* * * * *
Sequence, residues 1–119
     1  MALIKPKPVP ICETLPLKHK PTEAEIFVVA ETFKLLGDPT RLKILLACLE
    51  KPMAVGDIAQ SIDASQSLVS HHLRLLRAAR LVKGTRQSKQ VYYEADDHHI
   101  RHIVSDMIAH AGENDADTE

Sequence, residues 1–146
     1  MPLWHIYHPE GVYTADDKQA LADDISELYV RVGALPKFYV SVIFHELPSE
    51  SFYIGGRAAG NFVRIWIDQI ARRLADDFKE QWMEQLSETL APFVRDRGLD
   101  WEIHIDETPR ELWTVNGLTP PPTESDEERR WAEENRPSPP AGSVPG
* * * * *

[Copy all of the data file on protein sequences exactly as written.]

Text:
Sequence, residues 1–119
     1  MALIKPKPVP ICETLPLKHK PTEAEIFVVA ETFKLLGDPT RLKILLACLE
    51  KPMAVGDIAQ SIDASQSLVS HHLRLLRAAR LVKGTRQSKQ VYYEADDHHI
   101  RHIVSDMIAH AGENDADTE

Sequence, residues 1–146
     1  MPLWHIYHPE GVYTADDKQA LADDISELYV RVGALPKFYV SVIFHELPSE
    51  SFYIGGRAAG NFVRIWIDQI ARRLADDFKE QWMEQLSETL APFVRDRGLD
   101  WEIHIDETPR ELWTVNGLTP PPTESDEERR WAEENRPSPP AGSVPG